A more classical approach to education makes sense, especially with U.S. students’ academic performance flat or falling. But today, unlike 200 or 2,000 years ago, one of the things that belongs on any list of “the best that has been thought and said” is American entrepreneurship. Its material and spiritual advantages sit next to The Iliad , the Summa , Beethoven’s Ninth, the Renaissance, and the scientific method as triumphs of Western civilization. Teaching children about entrepreneurial discipline, risk-taking, generosity, delayed gratification, cooperation, and courage is part of bringing out the best in students, whether they ever start businesses or not—and it will make them better students, workers, bosses, neighbors, spouses, parents, and citizens.
“Entrepreneurial education” doesn’t mean proselytizing venture capital and marginal tax cuts to middle-schoolers. Nor does it denote isolated class projects about widget factories, or some expanded financial-literacy module in social studies. It means recentering the practical education of American citizens around the nature of human fulfillment and the fruits of the entrepreneurial spirit for our national character.
Young people need to hear the stories of men and women who lived heroic lives of virtue in an enterprising way: people like Oskar Schindler, Enrique Shaw, and Arthur Ciocca. The essence of entrepreneurialism is not the Hollywood fiction that self-interest is a virtue, but the deep human truth that virtuousness is self-interest.
W hat would entrepreneurial education look like in practice? One model is the Catholic Entrepreneurship & Design Experience (CEDE) for high schools. I developed the model at the Catholic University of America, and it is already being taught in more than 30 high schools. CEDE students don’t just start a pretend business; they begin at the moral and practical core of entrepreneurship, discerning others’ needs and applying their own skills to meet them in practical ways.
CEDE is a project-oriented curriculum. To begin, students reflect on how they might want their eulogy to sound (we encourage teachers to schedule a field trip to a nearby cemetery for this lesson), and then actually write their own eulogy. The goal is for them to figure out what they need to do today in order to live the kind of life to which they aspire. Throughout the program, students are challenged to undertake projects such as making a meal for their family or a friend on a very small budget; seeking out and interviewing a successful entrepreneur in their community; and communicating the value of an idea to others to get them on board as collaborators in a real-life project that serves their community. We teach basic entrepreneurial skills: devising solutions, studying feasibility, making budgets, and executing plans. These are important skills, whether one is repairing a leaking bathroom pipe in one’s house or planning a mission to Mars. The aim is to give students a process by which they can see, solve, and scale solutions to human needs.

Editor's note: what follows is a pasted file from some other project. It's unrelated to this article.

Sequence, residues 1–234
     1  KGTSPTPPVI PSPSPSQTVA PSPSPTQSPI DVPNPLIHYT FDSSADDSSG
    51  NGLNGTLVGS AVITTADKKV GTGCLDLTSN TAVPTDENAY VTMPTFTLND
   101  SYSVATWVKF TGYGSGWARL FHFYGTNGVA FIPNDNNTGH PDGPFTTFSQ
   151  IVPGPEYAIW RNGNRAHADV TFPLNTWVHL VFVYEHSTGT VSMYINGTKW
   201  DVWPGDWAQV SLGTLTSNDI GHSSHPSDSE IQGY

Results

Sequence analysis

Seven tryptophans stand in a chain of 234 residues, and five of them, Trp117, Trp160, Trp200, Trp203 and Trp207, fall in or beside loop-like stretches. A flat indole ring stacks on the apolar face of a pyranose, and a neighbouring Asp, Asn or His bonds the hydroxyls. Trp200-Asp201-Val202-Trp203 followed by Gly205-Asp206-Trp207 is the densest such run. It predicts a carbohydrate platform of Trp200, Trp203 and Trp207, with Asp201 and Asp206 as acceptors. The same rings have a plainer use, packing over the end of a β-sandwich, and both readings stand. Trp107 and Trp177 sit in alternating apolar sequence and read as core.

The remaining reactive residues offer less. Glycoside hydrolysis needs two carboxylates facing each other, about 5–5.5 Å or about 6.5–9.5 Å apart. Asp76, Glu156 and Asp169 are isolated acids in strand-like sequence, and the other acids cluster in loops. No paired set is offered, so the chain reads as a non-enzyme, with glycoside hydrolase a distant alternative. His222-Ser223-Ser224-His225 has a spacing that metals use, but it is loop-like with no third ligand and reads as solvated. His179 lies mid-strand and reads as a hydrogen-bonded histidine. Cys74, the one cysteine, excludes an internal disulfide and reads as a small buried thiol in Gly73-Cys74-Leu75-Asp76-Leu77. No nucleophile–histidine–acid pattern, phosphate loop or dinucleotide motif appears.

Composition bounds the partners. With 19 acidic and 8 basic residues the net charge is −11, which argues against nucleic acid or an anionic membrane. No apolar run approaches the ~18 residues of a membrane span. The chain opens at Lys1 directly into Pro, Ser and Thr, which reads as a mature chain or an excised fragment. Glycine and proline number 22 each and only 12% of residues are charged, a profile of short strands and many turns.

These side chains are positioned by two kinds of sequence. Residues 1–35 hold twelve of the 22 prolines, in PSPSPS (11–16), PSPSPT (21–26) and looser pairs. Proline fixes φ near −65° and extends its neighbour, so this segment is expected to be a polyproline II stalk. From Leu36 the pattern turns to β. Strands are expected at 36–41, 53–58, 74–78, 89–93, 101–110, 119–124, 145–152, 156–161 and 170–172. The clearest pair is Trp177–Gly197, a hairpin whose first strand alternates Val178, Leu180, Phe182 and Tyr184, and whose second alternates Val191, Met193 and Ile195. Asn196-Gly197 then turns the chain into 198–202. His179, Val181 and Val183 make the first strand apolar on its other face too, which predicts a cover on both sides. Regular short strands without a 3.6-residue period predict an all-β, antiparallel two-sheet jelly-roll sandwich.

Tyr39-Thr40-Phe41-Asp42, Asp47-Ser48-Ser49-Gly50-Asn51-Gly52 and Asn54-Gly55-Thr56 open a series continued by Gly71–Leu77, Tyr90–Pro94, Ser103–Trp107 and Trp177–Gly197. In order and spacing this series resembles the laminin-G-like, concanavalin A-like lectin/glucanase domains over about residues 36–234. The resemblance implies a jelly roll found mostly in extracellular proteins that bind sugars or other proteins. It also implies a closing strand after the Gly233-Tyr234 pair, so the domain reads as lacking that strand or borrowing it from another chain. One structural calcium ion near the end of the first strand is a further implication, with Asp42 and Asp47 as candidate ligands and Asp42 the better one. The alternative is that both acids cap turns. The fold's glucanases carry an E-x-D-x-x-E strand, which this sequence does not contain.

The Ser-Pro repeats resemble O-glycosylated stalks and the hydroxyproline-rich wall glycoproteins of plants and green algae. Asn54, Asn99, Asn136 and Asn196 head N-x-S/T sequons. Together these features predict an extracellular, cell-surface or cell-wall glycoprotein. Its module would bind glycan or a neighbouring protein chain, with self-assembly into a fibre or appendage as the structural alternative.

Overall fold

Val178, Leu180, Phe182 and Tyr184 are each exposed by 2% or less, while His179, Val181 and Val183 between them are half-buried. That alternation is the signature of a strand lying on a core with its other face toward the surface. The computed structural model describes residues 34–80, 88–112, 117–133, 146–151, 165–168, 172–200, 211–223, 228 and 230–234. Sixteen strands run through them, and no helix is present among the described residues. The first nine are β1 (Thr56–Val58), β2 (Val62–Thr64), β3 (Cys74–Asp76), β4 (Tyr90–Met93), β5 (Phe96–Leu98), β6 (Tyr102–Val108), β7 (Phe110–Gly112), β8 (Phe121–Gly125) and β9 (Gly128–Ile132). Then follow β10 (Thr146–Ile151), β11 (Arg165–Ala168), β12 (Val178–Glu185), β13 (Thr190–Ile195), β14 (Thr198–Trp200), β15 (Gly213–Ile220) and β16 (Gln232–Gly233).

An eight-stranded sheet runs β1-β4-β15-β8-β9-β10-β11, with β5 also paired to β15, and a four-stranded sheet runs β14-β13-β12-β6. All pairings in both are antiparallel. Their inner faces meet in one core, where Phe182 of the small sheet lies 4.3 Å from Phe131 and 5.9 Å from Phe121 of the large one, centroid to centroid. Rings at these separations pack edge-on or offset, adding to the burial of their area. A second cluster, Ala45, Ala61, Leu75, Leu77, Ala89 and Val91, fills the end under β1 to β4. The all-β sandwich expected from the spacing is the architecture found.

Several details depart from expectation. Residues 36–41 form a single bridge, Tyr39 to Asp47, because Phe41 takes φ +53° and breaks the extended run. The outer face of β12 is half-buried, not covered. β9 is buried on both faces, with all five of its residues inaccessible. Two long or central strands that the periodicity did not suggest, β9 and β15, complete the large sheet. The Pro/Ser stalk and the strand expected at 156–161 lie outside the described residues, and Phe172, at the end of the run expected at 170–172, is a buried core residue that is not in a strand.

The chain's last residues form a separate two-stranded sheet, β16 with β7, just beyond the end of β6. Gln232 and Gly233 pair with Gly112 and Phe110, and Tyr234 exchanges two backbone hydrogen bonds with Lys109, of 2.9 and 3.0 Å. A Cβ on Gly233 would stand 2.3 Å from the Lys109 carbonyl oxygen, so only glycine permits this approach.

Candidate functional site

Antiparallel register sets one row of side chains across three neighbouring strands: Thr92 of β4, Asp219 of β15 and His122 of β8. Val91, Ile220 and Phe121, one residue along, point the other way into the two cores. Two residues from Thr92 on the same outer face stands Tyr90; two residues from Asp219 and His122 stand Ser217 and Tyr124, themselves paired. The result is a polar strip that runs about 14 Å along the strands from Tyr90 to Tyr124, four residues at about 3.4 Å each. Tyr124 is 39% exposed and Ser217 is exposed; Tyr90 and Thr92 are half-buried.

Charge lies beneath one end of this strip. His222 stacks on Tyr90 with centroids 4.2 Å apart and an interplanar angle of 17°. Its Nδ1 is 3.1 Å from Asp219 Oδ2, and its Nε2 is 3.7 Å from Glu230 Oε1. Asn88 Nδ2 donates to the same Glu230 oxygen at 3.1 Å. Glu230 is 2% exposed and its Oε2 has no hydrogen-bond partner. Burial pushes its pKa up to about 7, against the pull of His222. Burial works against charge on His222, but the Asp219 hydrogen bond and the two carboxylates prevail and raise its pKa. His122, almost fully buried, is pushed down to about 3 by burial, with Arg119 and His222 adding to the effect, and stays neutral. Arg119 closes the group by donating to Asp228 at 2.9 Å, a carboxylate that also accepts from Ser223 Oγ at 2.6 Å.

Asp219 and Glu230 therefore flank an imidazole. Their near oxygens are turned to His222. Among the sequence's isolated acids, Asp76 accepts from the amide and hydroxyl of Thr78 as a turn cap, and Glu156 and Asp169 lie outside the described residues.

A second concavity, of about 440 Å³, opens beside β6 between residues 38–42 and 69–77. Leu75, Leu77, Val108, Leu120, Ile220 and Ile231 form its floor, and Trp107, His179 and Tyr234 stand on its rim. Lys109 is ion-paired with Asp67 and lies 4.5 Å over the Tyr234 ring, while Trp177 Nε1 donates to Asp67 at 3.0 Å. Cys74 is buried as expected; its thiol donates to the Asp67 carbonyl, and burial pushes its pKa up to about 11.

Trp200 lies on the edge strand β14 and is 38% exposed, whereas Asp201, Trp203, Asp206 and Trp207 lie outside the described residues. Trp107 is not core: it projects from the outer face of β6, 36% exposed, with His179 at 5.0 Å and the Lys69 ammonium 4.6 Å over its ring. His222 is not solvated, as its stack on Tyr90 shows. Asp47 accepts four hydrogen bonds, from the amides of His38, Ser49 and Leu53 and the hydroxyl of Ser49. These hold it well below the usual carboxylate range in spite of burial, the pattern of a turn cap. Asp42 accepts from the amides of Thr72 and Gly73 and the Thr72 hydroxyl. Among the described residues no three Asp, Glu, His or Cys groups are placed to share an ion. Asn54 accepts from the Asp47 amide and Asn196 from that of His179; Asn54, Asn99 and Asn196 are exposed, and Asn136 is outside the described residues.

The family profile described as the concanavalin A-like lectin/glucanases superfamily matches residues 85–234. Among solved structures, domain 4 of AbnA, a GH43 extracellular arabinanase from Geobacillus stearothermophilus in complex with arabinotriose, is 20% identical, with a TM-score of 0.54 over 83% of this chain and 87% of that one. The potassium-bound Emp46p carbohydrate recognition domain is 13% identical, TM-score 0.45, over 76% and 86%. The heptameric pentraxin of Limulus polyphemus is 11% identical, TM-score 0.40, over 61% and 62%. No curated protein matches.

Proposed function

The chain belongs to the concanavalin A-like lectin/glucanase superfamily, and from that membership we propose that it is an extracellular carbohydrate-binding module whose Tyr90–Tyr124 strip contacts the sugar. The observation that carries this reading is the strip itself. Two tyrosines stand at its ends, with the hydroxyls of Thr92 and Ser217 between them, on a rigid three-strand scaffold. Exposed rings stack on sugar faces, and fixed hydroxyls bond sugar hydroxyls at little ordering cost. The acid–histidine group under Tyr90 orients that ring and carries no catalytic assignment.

It’s jarring for most students to be given few instructions for completing any of the challenges that constitute the course. CEDE offers no road maps, no criteria for what, say, the font size and spacing for their papers should be. In fact, CEDE requires no papers. Students merely have to work together to get things done, without the teacher holding their hands along the way.
Before they finish their last challenge, students map out their Odyssey Project: charting a course for the next one to two years of their life, based on what they learned about themselves in the course of CEDE—their risk tolerance, their desires, their sense of purpose, their gifts and talents. In some cases, this project compensates for what many of them wish they had received from a high school guidance counselor. The idea is to give them basic skills of discernment before they make decisions, such as whether to go to college, that could radically alter the trajectory of their lives.
In CEDE, students are asked to reflect seriously on their values—which may include faith—and they are taken through a process that helps them connect these values to practical action. Participants frequently tell us some version of the following: “I didn’t realize that I was the entrepreneur of my own life.” When they see that every day is an opportunity to build something valuable, even if it’s just a better toothbrushing routine, they come alive.
Young people today have a deteriorating sense of personal agency. Helping them recover it—allowing them to experience what it feels like to create something of value that brings a smile to another person’s face or makes another’s life easier—is a great gift. They are normally told that their chance to do important, real things exists “out there,” waiting for them after they graduate. But if they wait that long, it may be too late. Their spirit will often already be deadened—and much harder to reawaken after years of disuse.
W here will such programs be taught? Given its partly religious character, the entrepreneurial-education movement should begin in private schools.
It’s no coincidence that the recent explosion of state education reforms began soon after parents saw their children’s remote school classes during the pandemic. Learning loss only compounded growing concerns about curricula. Several states have expanded education savings accounts and school-choice programs, and at least four have adopted universal parental choice. More than a dozen states have banned, or are working to ban, critical race theory and other controversial pedagogies from classrooms. Good: even setting aside the question of whether such ideologies have merits, they distract from the task of developing effective schools.